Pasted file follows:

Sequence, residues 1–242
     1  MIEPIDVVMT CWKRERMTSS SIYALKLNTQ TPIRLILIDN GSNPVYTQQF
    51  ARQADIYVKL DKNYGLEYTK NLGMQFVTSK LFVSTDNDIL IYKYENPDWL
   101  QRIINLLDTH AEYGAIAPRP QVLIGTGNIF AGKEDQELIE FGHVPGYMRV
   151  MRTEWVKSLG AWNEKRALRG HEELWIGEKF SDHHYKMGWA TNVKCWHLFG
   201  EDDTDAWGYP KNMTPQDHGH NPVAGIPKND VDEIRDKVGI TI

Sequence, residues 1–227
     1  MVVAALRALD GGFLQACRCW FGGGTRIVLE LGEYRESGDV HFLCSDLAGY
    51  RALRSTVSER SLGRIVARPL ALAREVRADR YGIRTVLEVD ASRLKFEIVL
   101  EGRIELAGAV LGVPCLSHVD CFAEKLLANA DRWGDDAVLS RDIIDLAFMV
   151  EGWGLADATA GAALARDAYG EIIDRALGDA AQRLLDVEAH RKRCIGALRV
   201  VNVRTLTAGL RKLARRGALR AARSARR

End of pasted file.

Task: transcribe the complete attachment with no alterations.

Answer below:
Sequence, residues 1–242
     1  MIEPIDVVMT CWKRERMTSS SIYALKLNTQ TPIRLILIDN GSNPVYTQQF
    51  ARQADIYVKL DKNYGLEYTK NLGMQFVTSK LFVSTDNDIL IYKYENPDWL
   101  QRIINLLDTH AEYGAIAPRP QVLIGTGNIF AGKEDQELIE FGHVPGYMRV
   151  MRTEWVKSLG AWNEKRALRG HEELWIGEKF SDHHYKMGWA TNVKCWHLFG
   201  EDDTDAWGYP KNMTPQDHGH NPVAGIPKND VDEIRDKVGI TI

Sequence, residues 1–227
     1  MVVAALRALD GGFLQACRCW FGGGTRIVLE LGEYRESGDV HFLCSDLAGY
    51  RALRSTVSER SLGRIVARPL ALAREVRADR YGIRTVLEVD ASRLKFEIVL
   101  EGRIELAGAV LGVPCLSHVD CFAEKLLANA DRWGDDAVLS RDIIDLAFMV
   151  EGWGLADATA GAALARDAYG EIIDRALGDA AQRLLDVEAH RKRCIGALRV
   201  VNVRTLTAGL RKLARRGALR AARSARR